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Urinary Incontinence a Clearer Picture: Fact & Fiction

Posted by Hugh Nurse on

Urinary incontinence is the involuntary discharge of urine. The ability to control urination requires: a normal anatomy, a normally functioning nervous system and the ability to determine and respond to the warning signs of impending urination. Urinary incontinence occurs when one is unable to control the flow, causing leakage or in severe cases an inability to retain urine. This can be precipitated by everyday actions: coughing, standing up, laughing, running, sneezing etc. Due to the nature of this affliction it is not a topic which is openly discussed, thus many falsehoods abound. Here’s an attempt to separate some of the facts from fiction.

Fiction: Incontinence is a disease.
Fact: Incontinence is merely a symptom of a pre-existing condition and can occur due to a number of extenuating circumstances: prostate surgery, menopause or child birth, a nervous system disorder, side effects of some medication, a birth defect, and loss of estrogen in women and enlargement of the prostate in men.

Fiction: Incontinence is a rare ailment.
Fact: The nature of the ailment and the reluctance of sufferers to openly discuss it lead to most people suffering in silence and by extension to the misconception that it’s an uncommon problem. The ‘National Association for Continence’ estimates that 200 million people worldwide (25 million American adults) have experienced some degree of incontinence.

Fiction: I’m in perfect health and therefore I’m not at risk
Fact: In and of itself there are no particular risk factors involved for either of the sexes. As previously indicated one can become incontinent by unforeseen circumstances, making us all likely candidates.

Fiction: Only “old people” get incontinence.
Fact: Although it may be perceived as an affliction of senior citizens it can affect people of all ages and sexes. The risk does increase with age due to weakening of the pelvic muscles and enlargement of the prostate gland. However it cannot be considered an age related ailment, surveys have found that 1 in 4 women over may experience episodes of involuntary leakage and both sexes age 30 - 70 have experienced incontinence occasional or chronic symptoms at some point as adults. Incontinence affects the following groups of people:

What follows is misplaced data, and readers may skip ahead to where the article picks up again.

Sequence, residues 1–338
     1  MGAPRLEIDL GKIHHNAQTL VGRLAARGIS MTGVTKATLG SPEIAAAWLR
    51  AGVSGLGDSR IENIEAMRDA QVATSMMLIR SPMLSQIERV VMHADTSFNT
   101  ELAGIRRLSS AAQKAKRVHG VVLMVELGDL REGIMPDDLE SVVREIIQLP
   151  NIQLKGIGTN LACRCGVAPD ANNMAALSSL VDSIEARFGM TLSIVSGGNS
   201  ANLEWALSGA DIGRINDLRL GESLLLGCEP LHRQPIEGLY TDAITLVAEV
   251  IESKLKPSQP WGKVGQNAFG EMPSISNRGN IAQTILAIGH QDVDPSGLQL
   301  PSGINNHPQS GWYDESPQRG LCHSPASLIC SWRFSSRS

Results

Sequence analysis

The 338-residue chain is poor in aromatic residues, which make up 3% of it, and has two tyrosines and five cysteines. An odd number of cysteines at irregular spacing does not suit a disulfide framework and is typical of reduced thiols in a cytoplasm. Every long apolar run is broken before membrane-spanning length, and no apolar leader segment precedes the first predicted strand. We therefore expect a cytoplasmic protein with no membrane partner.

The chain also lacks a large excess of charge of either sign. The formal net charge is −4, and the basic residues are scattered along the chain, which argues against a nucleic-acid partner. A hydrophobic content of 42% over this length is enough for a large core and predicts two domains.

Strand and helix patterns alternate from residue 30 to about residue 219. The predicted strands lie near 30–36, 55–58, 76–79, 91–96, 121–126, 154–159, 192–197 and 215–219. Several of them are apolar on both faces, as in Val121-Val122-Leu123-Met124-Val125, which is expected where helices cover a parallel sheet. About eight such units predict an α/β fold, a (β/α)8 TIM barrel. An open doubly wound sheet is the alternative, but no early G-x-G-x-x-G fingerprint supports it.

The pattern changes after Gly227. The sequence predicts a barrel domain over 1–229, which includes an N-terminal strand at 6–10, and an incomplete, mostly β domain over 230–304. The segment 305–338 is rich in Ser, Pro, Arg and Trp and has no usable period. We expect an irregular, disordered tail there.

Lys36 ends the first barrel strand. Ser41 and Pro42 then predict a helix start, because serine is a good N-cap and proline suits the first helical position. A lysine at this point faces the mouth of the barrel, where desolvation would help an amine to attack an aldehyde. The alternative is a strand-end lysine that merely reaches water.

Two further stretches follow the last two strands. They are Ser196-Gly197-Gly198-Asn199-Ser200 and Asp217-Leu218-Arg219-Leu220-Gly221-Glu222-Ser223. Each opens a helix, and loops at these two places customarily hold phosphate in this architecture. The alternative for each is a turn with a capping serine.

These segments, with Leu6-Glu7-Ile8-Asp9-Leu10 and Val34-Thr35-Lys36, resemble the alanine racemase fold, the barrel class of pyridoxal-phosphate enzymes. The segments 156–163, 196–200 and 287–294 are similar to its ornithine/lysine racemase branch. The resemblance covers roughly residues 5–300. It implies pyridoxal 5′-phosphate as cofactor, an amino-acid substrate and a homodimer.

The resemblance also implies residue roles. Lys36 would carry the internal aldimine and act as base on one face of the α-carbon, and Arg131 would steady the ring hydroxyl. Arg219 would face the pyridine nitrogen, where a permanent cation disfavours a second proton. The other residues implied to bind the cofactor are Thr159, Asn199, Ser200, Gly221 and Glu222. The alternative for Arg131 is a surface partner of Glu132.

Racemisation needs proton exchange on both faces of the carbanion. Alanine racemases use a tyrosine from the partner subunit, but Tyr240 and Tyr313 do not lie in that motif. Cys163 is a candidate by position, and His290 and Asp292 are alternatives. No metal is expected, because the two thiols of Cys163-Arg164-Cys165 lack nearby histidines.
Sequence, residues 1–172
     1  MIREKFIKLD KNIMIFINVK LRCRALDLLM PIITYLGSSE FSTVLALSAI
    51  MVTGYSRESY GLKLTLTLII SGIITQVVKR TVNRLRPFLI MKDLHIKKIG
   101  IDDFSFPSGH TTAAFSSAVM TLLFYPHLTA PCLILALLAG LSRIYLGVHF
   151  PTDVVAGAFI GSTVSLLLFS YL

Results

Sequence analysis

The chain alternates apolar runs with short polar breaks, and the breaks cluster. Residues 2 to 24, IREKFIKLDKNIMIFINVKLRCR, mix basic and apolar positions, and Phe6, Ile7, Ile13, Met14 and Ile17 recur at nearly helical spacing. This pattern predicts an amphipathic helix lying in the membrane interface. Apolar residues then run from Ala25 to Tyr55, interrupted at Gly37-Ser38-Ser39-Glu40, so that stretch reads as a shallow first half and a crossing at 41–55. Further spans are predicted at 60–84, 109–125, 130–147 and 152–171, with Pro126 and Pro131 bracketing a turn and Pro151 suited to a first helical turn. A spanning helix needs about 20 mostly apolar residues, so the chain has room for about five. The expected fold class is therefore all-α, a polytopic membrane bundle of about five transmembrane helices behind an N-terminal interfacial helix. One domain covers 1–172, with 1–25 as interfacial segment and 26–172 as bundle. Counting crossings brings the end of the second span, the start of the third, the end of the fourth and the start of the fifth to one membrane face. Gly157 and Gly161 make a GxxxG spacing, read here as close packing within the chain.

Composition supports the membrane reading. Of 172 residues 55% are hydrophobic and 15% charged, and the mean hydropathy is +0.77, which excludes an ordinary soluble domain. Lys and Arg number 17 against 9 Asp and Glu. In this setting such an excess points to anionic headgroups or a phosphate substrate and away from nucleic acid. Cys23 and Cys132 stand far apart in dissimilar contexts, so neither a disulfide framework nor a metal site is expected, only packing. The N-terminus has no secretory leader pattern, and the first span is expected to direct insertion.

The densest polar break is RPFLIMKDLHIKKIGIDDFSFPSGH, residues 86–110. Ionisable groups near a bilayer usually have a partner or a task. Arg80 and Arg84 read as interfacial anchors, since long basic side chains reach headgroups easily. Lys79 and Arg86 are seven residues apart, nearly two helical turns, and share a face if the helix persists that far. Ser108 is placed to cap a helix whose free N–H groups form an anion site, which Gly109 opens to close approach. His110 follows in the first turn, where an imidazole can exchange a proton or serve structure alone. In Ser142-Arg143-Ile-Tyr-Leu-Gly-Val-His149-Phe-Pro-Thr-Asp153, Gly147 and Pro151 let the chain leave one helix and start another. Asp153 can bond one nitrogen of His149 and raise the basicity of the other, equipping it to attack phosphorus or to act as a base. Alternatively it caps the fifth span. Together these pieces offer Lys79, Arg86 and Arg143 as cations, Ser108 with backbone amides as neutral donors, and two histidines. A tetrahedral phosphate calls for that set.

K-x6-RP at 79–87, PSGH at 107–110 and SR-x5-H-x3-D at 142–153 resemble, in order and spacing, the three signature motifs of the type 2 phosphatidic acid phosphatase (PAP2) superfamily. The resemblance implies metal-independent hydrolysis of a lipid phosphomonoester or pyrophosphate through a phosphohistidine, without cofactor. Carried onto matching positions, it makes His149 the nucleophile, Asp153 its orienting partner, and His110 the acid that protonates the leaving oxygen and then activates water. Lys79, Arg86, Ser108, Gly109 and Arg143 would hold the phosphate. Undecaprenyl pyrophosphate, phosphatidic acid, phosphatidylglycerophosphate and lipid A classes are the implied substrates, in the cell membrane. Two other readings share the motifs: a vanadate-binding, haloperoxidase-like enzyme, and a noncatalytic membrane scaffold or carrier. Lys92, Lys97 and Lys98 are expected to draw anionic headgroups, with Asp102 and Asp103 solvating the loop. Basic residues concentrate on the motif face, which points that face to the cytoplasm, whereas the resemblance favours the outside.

• 10% of six-year-olds
• One in four women middle-aged or older
• 15% of all men aged 60 years and over
• Many individuals with neurological disorders and spinal cord

Fiction: There are no solutions if you’re incontinent. Just live with it,
Fact: There are many types of incontinence (e.g. stress, urge, mixed) and they can all be treated, cured or managed successfully. Regardless of age or gender there are many available treatment options. Your doctor will determine which is right for you based on the nature, cause and severity of your ailment.

Fiction: The only available options are medication and/or surgery
Fact: It is widely accepted that Kegel exercises can play a huge role in treating and in some cases even reversing the effects of incontinence. Kegel exercises consist of contracting and relaxing the pelvic floor muscles thereby strengthening them and allow one greater control of the pelvic floor muscles which controls the bladder. There are exercises for both men and women. Magnesium, vitamin D, a healthy body weight, and abstaining from smoking, alcohol and caffeine are also known to play a role in the improvement of this affliction.

Fiction: Incontinence can be fatal.
Fact: Incontinence is neither fatal nor life threatening. However its impact is such that one’s quality of life can be greatly affected. Due to the fear of “accidents” persons with this affliction tend to place severe restrictions on their social activities, leading to self imposed isolation and depression.
Incontinence should neither be ignored nor kept to oneself. Though not fatal it can lead to negative lifestyle changes which can be devastating. It is an indication of an impending or pre-existing condition which necessitates a visit to your medical practitioner without delay. Like any major ailment an early diagnosis can make a world of difference.

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